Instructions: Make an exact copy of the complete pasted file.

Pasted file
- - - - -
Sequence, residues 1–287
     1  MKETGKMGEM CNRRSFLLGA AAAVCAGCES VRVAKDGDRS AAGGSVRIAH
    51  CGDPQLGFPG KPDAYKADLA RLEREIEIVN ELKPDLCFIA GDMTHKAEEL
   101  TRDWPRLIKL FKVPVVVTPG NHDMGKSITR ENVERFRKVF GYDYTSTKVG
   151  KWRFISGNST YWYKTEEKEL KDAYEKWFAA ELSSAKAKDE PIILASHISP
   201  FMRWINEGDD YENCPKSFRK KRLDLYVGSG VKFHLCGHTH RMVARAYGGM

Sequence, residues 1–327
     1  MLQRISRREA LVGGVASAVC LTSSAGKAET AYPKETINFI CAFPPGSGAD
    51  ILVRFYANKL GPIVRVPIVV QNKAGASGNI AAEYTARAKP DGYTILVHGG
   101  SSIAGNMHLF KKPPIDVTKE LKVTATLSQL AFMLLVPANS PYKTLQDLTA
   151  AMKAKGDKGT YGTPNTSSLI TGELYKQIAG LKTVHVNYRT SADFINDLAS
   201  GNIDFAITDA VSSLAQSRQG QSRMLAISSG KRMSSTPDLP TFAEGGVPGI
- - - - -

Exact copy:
Sequence, residues 1–287
     1  MKETGKMGEM CNRRSFLLGA AAAVCAGCES VRVAKDGDRS AAGGSVRIAH
    51  CGDPQLGFPG KPDAYKADLA RLEREIEIVN ELKPDLCFIA GDMTHKAEEL
   101  TRDWPRLIKL FKVPVVVTPG NHDMGKSITR ENVERFRKVF GYDYTSTKVG
   151  KWRFISGNST YWYKTEEKEL KDAYEKWFAA ELSSAKAKDE PIILASHISP
   201  FMRWINEGDD YENCPKSFRK KRLDLYVGSG VKFHLCGHTH RMVARAYGGM

Sequence, residues 1–327
     1  MLQRISRREA LVGGVASAVC LTSSAGKAET AYPKETINFI CAFPPGSGAD
    51  ILVRFYANKL GPIVRVPIVV QNKAGASGNI AAEYTARAKP DGYTILVHGG
   101  SSIAGNMHLF KKPPIDVTKE LKVTATLSQL AFMLLVPANS PYKTLQDLTA
   151  AMKAKGDKGT YGTPNTSSLI TGELYKQIAG LKTVHVNYRT SADFINDLAS
   201  GNIDFAITDA VSSLAQSRQG QSRMLAISSG KRMSSTPDLP TFAEGGVPGI